Given this backdrop, sellers are faced with a choice: pull their home off the market or reduce the price. While many have chosen the former, not everyone is willing or able to wait.

New homes that are built have to be sold, and prices need to reflect the new reality.

On that front, the average price of a new home sold in the US is now down 16% from the peak last July. While that seems like a lot, after the last housing bubble peak the average new home price fell over 25% nationally. And affordability is a more pressing issue today than back then.

While the price declines have helped, a 16% drop is simply not enough.

Here’s the math supporting that statement:

  • 3 years ago the 30-year mortgage rate was 3.45% and the average new home price in the US was $384k.
  • Today you have a 6.5% 30-year mortgage rate with an average new home price of $474k.
  • The result: an $18k increase in the required down payment (assuming 20% down) and a 75% increase in the monthly payment (from $1,370 to $2,396).

Importantly, this cost comparison does not include property taxes, insurance, utilities, repairs, and maintenance which have all seen significant increases as well. Which means the average US home is still very much unaffordable to the average American and unless mortgage rates plummet, the only solution is lower prices.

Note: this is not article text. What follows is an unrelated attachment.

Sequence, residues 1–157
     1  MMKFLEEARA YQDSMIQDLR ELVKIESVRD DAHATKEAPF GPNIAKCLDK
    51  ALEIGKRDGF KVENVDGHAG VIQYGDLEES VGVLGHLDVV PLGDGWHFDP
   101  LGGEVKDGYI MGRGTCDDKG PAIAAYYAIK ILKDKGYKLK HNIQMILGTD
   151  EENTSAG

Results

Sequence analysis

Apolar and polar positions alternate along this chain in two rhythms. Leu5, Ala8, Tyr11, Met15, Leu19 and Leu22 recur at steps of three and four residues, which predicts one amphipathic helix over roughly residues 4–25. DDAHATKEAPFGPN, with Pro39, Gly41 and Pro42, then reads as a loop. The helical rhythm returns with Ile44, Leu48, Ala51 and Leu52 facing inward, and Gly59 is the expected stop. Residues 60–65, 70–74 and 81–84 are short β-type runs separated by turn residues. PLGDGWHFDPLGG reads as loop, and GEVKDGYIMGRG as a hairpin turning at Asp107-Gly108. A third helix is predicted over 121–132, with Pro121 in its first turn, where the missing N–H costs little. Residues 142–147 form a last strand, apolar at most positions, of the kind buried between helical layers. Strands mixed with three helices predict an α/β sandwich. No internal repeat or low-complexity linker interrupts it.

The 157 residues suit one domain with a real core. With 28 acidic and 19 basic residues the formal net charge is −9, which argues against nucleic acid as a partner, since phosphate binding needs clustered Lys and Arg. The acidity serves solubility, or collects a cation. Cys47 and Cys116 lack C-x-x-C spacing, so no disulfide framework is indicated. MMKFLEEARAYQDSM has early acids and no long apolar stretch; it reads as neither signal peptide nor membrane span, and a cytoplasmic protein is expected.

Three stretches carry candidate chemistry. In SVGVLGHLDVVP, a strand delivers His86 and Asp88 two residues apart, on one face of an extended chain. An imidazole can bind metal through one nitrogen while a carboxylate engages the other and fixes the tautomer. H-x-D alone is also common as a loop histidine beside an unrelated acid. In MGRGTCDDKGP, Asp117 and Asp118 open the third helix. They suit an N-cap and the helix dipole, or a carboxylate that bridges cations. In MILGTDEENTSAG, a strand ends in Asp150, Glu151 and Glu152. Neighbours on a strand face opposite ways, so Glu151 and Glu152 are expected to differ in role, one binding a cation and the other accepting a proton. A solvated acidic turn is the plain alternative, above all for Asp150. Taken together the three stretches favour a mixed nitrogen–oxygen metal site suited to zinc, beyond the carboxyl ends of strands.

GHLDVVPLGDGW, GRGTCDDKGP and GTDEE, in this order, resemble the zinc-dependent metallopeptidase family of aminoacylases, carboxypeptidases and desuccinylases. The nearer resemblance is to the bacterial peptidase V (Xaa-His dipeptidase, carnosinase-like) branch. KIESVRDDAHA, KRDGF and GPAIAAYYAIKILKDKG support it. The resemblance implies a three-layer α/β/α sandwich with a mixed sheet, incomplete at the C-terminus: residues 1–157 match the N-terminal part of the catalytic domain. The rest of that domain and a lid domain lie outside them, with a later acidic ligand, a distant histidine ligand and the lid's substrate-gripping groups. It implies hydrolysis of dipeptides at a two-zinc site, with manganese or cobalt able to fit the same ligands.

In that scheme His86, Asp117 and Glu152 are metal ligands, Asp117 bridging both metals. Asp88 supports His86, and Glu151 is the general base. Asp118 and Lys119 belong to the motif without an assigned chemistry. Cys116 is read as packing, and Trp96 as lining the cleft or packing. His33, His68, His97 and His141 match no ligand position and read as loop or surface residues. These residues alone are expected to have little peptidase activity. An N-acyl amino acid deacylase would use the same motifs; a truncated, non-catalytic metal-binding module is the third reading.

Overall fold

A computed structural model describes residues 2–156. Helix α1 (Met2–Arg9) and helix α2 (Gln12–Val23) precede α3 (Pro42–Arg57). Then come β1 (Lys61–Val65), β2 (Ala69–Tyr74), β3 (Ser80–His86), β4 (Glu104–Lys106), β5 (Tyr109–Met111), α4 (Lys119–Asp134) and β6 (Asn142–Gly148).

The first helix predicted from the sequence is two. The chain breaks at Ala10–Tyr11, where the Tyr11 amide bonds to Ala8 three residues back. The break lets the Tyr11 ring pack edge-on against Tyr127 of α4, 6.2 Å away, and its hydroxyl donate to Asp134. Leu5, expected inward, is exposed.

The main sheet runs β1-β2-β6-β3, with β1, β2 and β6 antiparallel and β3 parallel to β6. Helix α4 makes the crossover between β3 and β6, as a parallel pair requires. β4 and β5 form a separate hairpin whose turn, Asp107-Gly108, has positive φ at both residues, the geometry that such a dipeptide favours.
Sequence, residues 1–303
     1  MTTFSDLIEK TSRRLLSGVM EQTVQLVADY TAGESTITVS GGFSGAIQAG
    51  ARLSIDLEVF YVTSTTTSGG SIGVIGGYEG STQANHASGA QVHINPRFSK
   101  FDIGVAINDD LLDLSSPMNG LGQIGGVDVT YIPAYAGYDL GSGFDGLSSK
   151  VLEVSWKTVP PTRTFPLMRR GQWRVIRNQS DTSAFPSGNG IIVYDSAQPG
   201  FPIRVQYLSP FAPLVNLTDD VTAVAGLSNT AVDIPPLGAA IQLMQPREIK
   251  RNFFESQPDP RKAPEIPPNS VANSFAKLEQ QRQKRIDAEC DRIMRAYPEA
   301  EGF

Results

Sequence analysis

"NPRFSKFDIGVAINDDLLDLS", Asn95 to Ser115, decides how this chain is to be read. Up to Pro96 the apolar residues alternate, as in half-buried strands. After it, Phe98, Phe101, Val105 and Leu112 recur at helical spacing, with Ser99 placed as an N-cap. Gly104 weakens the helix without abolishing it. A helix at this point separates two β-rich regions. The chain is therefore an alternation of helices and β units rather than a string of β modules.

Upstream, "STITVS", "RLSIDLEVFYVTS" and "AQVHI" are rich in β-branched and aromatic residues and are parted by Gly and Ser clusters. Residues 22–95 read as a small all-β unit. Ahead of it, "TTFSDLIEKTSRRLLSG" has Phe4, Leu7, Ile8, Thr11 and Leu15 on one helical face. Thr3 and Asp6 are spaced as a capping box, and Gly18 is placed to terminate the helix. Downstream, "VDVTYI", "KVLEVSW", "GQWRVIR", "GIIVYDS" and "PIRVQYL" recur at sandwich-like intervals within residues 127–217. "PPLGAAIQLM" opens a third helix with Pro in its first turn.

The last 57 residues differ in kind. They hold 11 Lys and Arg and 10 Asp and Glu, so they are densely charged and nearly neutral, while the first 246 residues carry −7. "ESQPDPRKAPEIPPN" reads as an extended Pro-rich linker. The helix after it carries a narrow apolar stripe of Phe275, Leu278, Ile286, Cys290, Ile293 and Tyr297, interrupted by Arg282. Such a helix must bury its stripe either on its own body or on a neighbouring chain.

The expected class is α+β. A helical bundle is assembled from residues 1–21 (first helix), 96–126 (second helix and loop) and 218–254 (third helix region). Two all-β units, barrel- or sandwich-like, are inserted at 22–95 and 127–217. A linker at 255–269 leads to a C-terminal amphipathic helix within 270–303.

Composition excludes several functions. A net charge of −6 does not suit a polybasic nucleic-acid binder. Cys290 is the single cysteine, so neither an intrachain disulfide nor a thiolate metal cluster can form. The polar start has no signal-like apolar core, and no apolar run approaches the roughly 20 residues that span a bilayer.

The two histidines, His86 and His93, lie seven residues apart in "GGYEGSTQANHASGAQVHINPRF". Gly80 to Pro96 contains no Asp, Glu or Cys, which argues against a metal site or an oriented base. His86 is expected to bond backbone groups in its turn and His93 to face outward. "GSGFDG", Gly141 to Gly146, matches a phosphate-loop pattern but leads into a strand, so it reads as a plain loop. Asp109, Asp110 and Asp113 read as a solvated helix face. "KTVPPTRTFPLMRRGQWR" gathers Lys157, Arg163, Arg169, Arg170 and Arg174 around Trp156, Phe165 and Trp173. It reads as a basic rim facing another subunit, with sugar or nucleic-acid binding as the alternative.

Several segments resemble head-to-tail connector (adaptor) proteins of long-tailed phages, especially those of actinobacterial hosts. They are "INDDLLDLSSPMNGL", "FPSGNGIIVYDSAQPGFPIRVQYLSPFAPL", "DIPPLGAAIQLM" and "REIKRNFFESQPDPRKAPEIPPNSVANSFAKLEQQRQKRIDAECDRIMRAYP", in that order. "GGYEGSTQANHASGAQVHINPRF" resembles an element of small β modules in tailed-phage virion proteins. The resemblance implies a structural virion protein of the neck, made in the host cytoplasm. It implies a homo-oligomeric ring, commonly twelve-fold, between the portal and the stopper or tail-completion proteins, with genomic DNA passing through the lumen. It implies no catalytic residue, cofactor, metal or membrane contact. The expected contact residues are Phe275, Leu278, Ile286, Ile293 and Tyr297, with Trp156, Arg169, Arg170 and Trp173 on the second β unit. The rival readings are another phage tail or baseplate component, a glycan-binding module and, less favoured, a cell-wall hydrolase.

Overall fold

The same math is true for existing home prices, which have now declined 13% from their peak. This is the largest 7-month decline since July 2010 to February 2011.

After the last housing bubble top, prices fell 33% nationally. Incredibly, the same decline today would only bring prices back to February 2020 levels, a reflection of the absolute mania in the last phase of the current bubble: a 40% increase in just 2 years.

While prices have declined, activity has plummeted. US Existing Home Sales fell for the 12th consecutive month to their lowest level since October 2010 . The 37% year-over-year decline was the largest on record.